2. Once I spy something I know I won’t use, I resist the cries of “Open it!” by replying, “This is so cool! I want to take my time with this one! When we’re all done opening everything else, I’m going to spend some time with it!” Invariably, no one remembers that.
  3. In the closet in the spare room, I keep assorted minor gifts I know I can package together later. These include CDs, poetry books, T-shirts, and jewelry – because I also collect unwanted gifts from female friends who are too afraid of re-gifting themselves and just want the stuff out of the house, lest the giver ever come over and find it unused. That seems an irrational fear, but hey, it gets me free gifts.

Before I assemble my re-gifting care package, I study my target. What’s going on in their life? Are they bragging about their upcoming trip to Cancun? Those wrap-around sunglasses that aren’t my style would go well with that extra bottle of sunscreen I bought when I didn’t realize I already had two in the bathroom cabinet. Add in the “Life’s a Beach” T-shirt I got as a stocking stuffer and that sombrero I got as a gag gift, throw in a funny card, and I can cross that casual acquaintance off my list.

So collect your unwanted gifts, then mix and match them for specific people. You’ll actually be praised for your thoughtfulness. If I had a soul, I might even feel guilty about this.

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  • http://pulse.yahoo.com/_3TME7AUE4IQNQRI42ZQZMUE7ZU chuck

    Another suggestion: When regifting something in a box, always open it and check for the gifters business card. I once was the recipient of a regifted bottle of wine in a box. The dead give away that it was a regift, was that when I opened it and the previous gifters business card was in the box. I promptly removed the business card and re-regifted the wine myself. It was years ago but who knows, this bottle could still be making the rounds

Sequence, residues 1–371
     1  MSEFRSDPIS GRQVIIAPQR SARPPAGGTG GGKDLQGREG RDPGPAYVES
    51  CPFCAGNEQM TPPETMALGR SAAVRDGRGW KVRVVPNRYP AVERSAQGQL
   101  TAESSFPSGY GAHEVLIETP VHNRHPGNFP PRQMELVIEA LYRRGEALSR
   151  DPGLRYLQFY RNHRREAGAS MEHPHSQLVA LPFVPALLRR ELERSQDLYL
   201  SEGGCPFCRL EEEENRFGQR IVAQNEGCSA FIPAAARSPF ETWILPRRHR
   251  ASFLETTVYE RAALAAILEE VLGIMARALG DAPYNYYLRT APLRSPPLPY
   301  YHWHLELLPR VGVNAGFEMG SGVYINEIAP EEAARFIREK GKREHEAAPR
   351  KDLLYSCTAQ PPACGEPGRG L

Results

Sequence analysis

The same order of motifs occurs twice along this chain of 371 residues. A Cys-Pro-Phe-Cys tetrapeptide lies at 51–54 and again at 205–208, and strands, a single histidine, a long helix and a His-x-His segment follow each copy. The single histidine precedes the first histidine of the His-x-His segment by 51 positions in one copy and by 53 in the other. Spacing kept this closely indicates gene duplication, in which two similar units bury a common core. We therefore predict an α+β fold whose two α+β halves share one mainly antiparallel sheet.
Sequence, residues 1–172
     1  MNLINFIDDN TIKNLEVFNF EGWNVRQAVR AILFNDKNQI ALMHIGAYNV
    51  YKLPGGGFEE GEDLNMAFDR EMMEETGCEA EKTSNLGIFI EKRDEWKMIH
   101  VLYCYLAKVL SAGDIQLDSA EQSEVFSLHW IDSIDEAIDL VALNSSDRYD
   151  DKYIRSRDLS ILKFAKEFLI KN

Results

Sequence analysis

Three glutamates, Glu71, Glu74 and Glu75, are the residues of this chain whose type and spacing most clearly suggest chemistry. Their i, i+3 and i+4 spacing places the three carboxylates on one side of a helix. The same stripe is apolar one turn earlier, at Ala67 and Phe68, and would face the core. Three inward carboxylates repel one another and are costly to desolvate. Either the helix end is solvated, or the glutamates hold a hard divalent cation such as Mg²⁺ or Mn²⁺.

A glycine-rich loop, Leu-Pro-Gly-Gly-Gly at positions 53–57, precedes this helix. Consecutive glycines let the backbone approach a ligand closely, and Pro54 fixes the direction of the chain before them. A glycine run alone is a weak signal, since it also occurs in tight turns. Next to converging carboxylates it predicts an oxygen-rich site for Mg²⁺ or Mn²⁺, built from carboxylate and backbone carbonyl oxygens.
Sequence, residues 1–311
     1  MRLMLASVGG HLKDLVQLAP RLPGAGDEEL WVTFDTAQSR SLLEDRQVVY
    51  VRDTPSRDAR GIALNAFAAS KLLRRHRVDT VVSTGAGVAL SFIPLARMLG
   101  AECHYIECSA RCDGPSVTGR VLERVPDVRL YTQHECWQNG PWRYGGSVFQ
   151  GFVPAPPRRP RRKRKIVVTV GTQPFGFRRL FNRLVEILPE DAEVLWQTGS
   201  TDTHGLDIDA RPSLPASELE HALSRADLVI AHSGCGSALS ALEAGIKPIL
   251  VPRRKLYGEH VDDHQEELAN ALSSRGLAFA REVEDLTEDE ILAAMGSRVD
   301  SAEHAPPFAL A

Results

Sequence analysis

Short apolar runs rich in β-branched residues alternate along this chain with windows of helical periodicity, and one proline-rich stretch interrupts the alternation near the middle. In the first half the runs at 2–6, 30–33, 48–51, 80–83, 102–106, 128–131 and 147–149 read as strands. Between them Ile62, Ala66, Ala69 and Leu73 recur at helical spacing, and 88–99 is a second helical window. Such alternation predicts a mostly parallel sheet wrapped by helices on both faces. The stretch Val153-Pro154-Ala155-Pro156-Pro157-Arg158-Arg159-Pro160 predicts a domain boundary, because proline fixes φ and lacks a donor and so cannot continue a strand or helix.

• Anonymous

    Some of the best gifts I have received were regifts. Some of the regifts that I have received include: expensive wine, beautiful table linens, 19th century sterling silver pitcher, several original oil paintings, unusual specialty foods (cheeses, sauces, etc.), hand-made sweaters, real gold bracelet, silver bangle bracelets, wooden candle holders, salt water opal ring, pearl heart pin, decorator pillows, candles, glasses, soaps, large bottle of Joy perfume, etc.

    The regifts I have received were usually a better fit to my tastes than the gifts someone went to the mall at the last minute and purchased whatever was available. Also, my elderly parents are regifting old items they received many years ago.

    The last couple of regifts from me were: an onyx bracelet (gift from an old boyfriend decades ago) to my Goth loving niece, and two sets of bed linens (very gently used – only on the bed when house was staged for selling) to my mother (she had hinted several times how much she liked them). Niece loved the bracelet and wears it all the time. My mother is using one set of the sheets right now, her worn out sheets are in her rag bag.

    I look at regifting as finding a better home for an item that is not what you want or need at this point in your life journey.